KEBAB SHOPS, fried chicken restaurants, and chippers could all be banned from opening near schools under planning regulations proposed in a government report.
The Oireachtas Children's Committee Report on Childhood Obesity outlines 20 recommendations designed to help Ireland's emerging obesity crisis.
Chief among these is the implementation of "No Fry Zones" that would prevent fast food outlets from opening and operating near to schools.
The report also calls for stricter controls on junk food advertising along with a ban on vending machines selling sweets, snacks and soft drinks in schools.
The Oireachtas Children's Committee Report is also calling on the authorities to help identify "obesity hotspots" across Ireland - areas where lower-income families suffer from food poverty.
Another measure proposed in the new report is a nationwide audit to help assess school sports facilities and whether they could benefit from new equipment and other upgrades.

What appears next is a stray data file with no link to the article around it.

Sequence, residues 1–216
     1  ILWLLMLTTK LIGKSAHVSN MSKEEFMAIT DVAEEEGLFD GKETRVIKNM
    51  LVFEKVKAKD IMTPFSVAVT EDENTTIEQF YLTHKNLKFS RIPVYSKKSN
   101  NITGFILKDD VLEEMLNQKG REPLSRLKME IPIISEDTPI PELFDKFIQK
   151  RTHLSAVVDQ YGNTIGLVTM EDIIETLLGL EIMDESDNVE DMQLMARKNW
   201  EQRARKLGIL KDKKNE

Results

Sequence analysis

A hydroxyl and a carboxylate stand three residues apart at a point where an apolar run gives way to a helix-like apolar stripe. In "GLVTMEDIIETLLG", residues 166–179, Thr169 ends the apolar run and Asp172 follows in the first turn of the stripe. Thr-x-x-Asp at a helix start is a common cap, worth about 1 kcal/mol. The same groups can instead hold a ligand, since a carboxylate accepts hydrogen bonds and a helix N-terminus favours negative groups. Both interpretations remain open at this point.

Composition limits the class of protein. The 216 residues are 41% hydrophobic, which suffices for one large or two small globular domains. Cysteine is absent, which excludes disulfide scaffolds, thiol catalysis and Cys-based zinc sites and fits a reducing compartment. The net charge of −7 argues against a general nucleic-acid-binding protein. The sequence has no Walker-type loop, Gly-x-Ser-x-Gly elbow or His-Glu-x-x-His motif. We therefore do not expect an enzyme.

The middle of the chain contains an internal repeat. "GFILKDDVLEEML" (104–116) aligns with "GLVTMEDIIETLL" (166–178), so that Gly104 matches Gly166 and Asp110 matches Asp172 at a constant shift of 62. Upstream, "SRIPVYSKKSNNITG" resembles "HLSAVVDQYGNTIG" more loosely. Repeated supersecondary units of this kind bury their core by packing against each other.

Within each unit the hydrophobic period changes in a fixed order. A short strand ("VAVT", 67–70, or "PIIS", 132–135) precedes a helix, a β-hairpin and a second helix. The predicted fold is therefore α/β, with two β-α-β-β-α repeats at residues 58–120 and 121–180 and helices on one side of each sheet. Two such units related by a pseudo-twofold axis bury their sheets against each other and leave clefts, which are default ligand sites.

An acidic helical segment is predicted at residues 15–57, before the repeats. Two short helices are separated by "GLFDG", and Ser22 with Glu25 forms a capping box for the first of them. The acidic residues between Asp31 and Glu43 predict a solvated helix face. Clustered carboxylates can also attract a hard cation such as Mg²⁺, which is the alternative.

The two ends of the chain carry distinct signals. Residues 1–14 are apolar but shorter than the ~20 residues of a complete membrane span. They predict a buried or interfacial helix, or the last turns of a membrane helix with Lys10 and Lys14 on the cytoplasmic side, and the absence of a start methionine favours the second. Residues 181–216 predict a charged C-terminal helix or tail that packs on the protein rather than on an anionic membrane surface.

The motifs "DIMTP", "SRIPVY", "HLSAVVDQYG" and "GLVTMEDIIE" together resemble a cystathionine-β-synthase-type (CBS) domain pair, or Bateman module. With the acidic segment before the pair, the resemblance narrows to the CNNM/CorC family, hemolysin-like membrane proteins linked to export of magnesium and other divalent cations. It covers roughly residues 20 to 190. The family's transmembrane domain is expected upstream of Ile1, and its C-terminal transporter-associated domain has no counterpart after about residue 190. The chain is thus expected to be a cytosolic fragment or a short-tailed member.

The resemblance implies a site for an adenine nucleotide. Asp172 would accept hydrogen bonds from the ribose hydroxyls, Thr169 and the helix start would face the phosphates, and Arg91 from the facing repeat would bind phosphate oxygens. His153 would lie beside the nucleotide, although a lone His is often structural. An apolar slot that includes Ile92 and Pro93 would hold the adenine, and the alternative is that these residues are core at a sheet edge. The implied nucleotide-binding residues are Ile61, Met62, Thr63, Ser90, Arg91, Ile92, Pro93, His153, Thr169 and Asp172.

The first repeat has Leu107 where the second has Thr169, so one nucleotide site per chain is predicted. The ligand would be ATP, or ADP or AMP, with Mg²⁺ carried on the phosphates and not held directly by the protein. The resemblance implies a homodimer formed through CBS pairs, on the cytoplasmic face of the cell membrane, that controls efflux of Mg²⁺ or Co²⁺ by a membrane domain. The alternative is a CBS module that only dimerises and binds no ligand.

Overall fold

Speaking to Newstalk, the chair of the committee behind the report Alan Farrell TD urged the government to take action.
"We owe it to our children, younger citizens, and future generations to ensure action is taken now to provide them with the skills, knowledge and supports to live healthier lives, and have stronger futures," he said.
"By equipping our younger generation with the necessary knowledge and skills, and providing the necessary supports to families, communities, schools, and sectors of society which work directly with young people, including the youth work sector, we can empower children and young people to lead healthier lives as they grow older."
Previous proposals put forward to try and combat Ireland's obesity problem include the introduction of a fast food tax.
The Irish Heart Foundation believes fast food outlets should be taxed at the highest possible rate of VAT, to help combat these issues.
Ireland currently has one of the highest obesity rates in Europe with around one in every four adults falling under the technical classification of obese.
More concerning still, one in four children from the Emerald Isle are now classed as overweight, according to figures compiled by the World Health Organisation.